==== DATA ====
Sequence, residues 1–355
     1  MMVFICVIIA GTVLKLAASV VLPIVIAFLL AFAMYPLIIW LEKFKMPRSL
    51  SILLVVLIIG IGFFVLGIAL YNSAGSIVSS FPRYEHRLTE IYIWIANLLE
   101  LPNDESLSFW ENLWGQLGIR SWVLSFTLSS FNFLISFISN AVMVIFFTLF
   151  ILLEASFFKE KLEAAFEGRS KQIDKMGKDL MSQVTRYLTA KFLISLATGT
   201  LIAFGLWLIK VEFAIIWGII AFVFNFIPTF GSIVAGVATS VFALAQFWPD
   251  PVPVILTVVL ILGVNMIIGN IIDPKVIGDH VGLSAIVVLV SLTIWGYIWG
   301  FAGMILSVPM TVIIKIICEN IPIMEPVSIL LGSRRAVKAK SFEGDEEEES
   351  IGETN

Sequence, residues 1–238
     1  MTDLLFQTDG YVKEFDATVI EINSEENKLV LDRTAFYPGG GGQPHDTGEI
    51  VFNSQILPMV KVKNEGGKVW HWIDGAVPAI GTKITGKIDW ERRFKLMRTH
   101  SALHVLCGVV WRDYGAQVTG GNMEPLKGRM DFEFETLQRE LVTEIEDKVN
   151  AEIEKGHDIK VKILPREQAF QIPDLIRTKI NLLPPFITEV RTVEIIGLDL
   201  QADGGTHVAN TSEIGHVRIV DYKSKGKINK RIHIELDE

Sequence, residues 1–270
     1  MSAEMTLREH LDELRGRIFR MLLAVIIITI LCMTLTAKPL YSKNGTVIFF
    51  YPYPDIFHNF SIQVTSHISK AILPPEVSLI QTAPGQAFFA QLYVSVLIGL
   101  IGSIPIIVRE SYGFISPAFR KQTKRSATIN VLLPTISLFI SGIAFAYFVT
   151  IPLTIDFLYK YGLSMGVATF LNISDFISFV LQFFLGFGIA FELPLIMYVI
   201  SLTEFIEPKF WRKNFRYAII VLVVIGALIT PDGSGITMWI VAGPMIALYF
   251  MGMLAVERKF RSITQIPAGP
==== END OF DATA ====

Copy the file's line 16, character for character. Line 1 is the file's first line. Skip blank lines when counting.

Sequence, residues 1–270